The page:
Good Ol Boy

Writer-director Ol Parker said he didn't set out to write a lesbian romantic comedy for "Imagine Me & You."

TORONTO — For his feature debut, Ol Parker never set out to write a lesbian romantic comedy. "I wanted to write about love at first sight because I fell in love at first sight," says the writer-director of "Imagine Me & You," which had its premiere at the Toronto Film Festival earlier this month. Thinking high concept, the London-born Parker tried to develop the most complicated love-at-first-sight situation imaginable. He decided it would be walking down the aisle to the altar and finding someone else along the way.

And so that's what happens in the film to Rachel (Piper Perabo) when she locks eyes for the first time with her florist, Luce (Lena Headey), as she's being escorted by her father to marry her longtime beau, Heck (Matthew Goode). For the rest of the movie, Rachel has to sort out her feelings for both Luce, who is gay, and Heck.

Parker originally played with the idea of the mystery lover being a bloke, but decided that would be too "Madame Bovary" and "all misery and guilt." "In the middle of the night, I woke up and I realized it had to be the same sex," the filmmaker explains over a drink. "Then it was like trying to write a gay movie that takes no account of the politics of coming out. It buys into a very spiritual idea of love — it's about the soul and the body."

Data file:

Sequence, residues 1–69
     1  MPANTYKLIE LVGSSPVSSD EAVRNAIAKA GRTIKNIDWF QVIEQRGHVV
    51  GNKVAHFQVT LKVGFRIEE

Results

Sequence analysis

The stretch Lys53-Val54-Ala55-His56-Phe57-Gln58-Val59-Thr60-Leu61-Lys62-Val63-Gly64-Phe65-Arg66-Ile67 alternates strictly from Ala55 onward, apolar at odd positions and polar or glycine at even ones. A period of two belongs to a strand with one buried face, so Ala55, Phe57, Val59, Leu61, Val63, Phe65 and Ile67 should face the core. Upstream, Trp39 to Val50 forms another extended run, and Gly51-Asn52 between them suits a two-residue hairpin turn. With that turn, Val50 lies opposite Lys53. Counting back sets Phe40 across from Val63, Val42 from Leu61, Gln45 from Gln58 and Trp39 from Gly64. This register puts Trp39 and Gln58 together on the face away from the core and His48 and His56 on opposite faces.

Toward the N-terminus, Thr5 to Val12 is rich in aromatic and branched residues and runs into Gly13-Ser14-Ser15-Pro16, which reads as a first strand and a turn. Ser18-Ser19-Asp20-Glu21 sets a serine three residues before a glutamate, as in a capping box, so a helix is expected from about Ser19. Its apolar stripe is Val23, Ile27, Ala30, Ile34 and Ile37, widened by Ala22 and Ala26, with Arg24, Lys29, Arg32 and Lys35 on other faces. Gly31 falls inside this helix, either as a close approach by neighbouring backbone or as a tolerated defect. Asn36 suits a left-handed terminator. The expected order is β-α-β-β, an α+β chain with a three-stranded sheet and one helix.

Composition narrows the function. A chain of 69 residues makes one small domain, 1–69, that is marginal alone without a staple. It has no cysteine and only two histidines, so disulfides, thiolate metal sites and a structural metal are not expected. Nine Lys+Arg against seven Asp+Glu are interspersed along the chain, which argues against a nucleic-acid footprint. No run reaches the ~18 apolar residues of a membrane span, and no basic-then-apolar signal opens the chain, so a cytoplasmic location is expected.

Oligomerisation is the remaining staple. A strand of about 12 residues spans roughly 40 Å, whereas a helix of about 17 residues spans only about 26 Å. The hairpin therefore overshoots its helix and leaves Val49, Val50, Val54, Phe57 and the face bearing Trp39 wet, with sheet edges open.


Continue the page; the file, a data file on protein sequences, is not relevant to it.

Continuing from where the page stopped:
Which means it's the exact opposite of "Brokeback Mountain," another gay-themed film with deafening buzz at Toronto in which Heath Ledger's character can't quite commit himself to a lifetime with his longtime love, another cowboy. In "Imagine Me & You," Rachel never pauses over the conundrum of having a relationship with another woman; her issue is that she's already married.

Aside from its attractive cast — "You can write the best script in the entire world and if people don't want to shag your leads, than you're buggered," Parker says, quoting Richard Curtis ("Love Actually" and "Four Weddings and a Funeral") — and its witty British humor, what's charming about the film is how chaste it is. Luce and Rachel have a fully clothed love scene that involves only some intense smooching in the back of Luce's flower shop. "I should have pushed that further," Parker admits. "But the movie was never going to be subtitled 'Hot Girl on Girl Action.'"
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